Presentation on theme: "Master Template1 Global forecasting service Economic forecast summary - June 2012 www.gfs.eiu.com."— Presentation transcript:
Master Template1 Global forecasting service Economic forecast summary - June 2012 www.gfs.eiu.com
Master Template2 www.gfs.eiu.com Research arm of The Economist Group for business executives 380 analysts and industry specialists worldwide covering Analysis and forecasting for over 200 countries and territories Risk assessment Industry data and trends: automotive, consumer goods, energy, financial services, healthcare, technology Market sizing Custom client research Visit www.eiu.com to register for free macroeconomic information on 187 countries About the Economist Intelligence Unit (EIU)
Global GDP growth of 3.2% at PPP in 2012 Austerity. Euro zone in recession Greek euro exit still less than 50:50 likely China likely to avoid hard landing Key threats to global economy: – Euro crisis, contagion – Oil shock – Political risk (Greece, euro zone, China, Russia) Our headline numbers largely unchanged since last month Key themes
We forecast US real GDP growth of 2.2% in 2012. Consumer spending started the year strongly, but will decelerate. Growth is forecast to average 2.3% in 2013-16. Serious headwinds remain, and our outlook is still cautious. Job creation remains uneven, and household indebtedness is weighing on spending. Housing market data have improved recently, but a large overhang of unsold houses will drag on the property market. A drastic tightening of fiscal policy is in prospect in 2013 for the incoming administration. Congress is likely to moderate the impending tax rises.
Greek and French election results are challenging the euro areas crisis response. A second election in Greece could strengthen anti-austerity parties, putting pressure on the EU/IMF to soften insistence on austerity. Sovereign funding costs will spike again. We expect the euro zone to survive, but anticipate much turmoil in 2012. The EUs current bail-out funds are not large enough to accommodate Spain, let alone Italy. We expect euro zone GDP to contract by 0.7% in 2012. Germany will fare best; Greece, Portugal and Spain worst. GDP will recover only slowly thereafter.
The economy contracted by 0.7% in 2011, undermined by the negative impact of the March earthquake and tsunami as well as a strong yen that constrained export potential. Real GDP will grow by at least 1.5% in 2012, boosted by export growth and reconstruction activity. From 2013 growth will be constrained by high public indebtedness and deteriorating demographics. A recovery in Japan's automotive sectorafter the disruption caused by the natural disasters and flooding later in the year in Thailandwill support both industrial output and exports in 2012.
Growth in 2012 will be constrained by sluggish OECD demand. EMs will still comfortably outperform their peers in the developed world in 2012-16. Euro downturn will hit EM exports. Threat to investment and financing in eastern Europe. Post-revolution dividend in some Arab countries, especially Libya. Chinese growth will slow to 8.3% in 2012. Implications for EM commodity exporters.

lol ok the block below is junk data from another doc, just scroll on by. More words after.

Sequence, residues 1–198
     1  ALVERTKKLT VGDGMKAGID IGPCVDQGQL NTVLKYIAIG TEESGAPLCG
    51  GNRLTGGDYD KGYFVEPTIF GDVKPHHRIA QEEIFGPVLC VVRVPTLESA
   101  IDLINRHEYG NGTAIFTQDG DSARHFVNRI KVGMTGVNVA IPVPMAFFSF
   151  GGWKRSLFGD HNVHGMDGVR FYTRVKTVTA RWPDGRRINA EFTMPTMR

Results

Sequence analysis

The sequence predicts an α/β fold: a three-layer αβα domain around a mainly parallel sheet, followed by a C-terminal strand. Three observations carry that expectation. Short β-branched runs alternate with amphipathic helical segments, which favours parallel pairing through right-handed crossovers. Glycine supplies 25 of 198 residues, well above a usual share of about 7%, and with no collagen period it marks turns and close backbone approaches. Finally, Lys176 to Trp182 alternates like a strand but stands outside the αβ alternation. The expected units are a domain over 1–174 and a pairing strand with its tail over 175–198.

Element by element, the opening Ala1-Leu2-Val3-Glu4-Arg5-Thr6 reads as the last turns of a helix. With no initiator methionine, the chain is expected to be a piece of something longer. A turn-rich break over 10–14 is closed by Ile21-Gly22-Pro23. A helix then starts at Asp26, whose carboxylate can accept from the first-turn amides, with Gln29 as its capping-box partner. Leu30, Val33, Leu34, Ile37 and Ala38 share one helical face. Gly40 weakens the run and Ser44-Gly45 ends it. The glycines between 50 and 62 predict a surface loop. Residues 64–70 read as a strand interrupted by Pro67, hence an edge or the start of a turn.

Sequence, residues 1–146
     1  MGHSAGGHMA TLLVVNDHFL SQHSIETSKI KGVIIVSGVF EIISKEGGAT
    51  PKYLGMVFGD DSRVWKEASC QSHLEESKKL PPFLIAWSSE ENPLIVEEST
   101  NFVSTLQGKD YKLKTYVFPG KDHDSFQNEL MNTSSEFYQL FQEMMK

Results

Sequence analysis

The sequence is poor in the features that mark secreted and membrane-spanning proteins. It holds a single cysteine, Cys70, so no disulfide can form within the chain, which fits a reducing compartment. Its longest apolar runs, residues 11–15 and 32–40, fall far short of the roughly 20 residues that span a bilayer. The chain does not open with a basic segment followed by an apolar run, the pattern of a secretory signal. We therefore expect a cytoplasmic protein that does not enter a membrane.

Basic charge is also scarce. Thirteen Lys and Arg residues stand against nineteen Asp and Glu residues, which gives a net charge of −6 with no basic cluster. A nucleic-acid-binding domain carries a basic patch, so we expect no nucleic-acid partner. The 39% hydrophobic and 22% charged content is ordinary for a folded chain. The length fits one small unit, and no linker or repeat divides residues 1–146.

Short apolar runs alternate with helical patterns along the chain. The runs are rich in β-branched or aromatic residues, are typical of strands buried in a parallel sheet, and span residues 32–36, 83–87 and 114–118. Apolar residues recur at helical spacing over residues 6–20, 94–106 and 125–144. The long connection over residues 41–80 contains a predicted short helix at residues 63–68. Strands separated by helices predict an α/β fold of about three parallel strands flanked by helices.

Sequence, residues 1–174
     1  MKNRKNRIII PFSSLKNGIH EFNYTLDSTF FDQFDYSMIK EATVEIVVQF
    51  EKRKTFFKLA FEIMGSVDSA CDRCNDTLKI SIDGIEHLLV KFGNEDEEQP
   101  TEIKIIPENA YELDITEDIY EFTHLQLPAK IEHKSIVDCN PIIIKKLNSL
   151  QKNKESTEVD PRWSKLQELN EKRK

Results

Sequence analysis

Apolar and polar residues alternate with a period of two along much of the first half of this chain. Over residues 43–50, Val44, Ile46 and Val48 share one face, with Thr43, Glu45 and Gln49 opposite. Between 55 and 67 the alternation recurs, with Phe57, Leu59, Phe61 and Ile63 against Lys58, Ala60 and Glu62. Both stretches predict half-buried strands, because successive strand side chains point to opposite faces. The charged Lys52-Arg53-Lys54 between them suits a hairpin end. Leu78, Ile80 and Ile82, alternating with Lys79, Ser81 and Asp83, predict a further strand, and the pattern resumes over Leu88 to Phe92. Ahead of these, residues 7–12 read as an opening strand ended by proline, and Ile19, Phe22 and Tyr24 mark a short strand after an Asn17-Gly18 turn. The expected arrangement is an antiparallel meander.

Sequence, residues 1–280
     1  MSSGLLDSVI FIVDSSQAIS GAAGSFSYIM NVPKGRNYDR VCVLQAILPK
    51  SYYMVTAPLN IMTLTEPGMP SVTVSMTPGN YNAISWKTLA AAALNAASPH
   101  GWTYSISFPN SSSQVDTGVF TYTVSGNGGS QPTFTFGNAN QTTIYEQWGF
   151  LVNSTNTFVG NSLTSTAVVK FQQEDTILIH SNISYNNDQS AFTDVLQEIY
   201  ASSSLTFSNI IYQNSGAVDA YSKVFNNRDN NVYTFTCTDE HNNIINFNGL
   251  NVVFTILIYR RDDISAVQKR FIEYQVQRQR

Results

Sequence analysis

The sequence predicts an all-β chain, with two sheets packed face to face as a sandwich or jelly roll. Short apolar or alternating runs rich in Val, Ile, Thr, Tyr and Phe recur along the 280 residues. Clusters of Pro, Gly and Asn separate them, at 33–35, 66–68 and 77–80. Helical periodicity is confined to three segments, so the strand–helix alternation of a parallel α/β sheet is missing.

Oil consumption growth will be constrained in 2012 by the weak OECD economic outlook. It will average nearly 2% year on year in 2013-16, led by rising demand in the developing world. Geopolitical risks are weighing on the supply picture, particularly the tensions between the West and Iran. Our forecast assumes a military outcome is avoided. Prices will average around US$113/b in 2012 as supply concerns offset the negative impact of weaker demand.
Consumption growth is expected to slow in 2012, constrained by weak EU demand and somewhat slower growth in the developing world. However, rising emerging market incomes and urbanisation will underpin medium-term demand growth. Years of underinvestment, particularly in agriculture, will support prices. Nominal prices will remain historically high in 2012-16, but prices will ease back in real terms.
Sluggish demand will be deflationary, but headline inflation will be elevated on the back of earlier oil price rises. The Fed has said it will keep interest rates very low until late 2014. A further round of quantitative easing appears unlikely if the US economy grows at a reasonable pace. We expect the ECB to hold its policy rate steady at 1% for two years. It may well need to reactivate its bond- buying and liquidity programmes to counter market tensions. Most emerging market central banks will keep interest rates broadly stable in 2012.
Europes debt crisis will keep the euro under pressure. We expect an average 2012 rate of US$1.31:1, before a weakening in 2013-16. After a weak start to the year, the yen has strengthened in recent weeks. We have raised slightly our yen forecast given that we expect the currency to benefit from periods of risk aversion. EM currencies will be supported over the medium term by positive growth and interest-rate differentials with OECD economies. Chinas decision to allow the renminbi to move in a wider trading ban will increase volatility.
+ Unprecedented policy response prevents break-up of euro zone - The global economy falls into recession - The euro zone breaks up + Stronger than anticipated US growth boosts the global economy - Tensions over currency manipulation lead to protectionism 15 20 15 12
- Social and political disorder undermine stability in China - US dollar crashes - Economic upheaval leads to widespread social and political unrest - An attack on Iran results in an oil price shock - Resumption of monetary stimulus leads to new asset bubbles 10 9 8 8
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